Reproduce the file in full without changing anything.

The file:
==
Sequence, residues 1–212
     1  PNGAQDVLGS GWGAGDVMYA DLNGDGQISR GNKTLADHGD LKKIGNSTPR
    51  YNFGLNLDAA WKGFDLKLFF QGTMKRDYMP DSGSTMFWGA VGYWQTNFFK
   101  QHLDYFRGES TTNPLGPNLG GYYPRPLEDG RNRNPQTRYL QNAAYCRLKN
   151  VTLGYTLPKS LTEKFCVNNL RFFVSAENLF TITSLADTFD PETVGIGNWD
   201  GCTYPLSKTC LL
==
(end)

Sequence, residues 1–212
     1  PNGAQDVLGS GWGAGDVMYA DLNGDGQISR GNKTLADHGD LKKIGNSTPR
    51  YNFGLNLDAA WKGFDLKLFF QGTMKRDYMP DSGSTMFWGA VGYWQTNFFK
   101  QHLDYFRGES TTNPLGPNLG GYYPRPLEDG RNRNPQTRYL QNAAYCRLKN
   151  VTLGYTLPKS LTEKFCVNNL RFFVSAENLF TITSLADTFD PETVGIGNWD
   201  GCTYPLSKTC LL